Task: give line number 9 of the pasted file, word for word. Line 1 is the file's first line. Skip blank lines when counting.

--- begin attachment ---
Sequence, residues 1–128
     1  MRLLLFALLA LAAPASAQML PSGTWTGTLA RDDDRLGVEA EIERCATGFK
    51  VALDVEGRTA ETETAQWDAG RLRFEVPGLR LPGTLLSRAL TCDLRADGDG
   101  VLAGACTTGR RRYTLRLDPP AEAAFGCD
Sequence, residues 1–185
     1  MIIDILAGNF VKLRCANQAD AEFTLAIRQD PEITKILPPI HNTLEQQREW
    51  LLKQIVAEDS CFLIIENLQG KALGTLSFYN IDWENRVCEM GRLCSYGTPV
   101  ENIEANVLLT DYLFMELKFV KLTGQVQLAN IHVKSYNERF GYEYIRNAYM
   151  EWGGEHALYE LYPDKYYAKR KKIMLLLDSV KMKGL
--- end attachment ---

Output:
   151  EWGGEHALYE LYPDKYYAKR KKIMLLLDSV KMKGL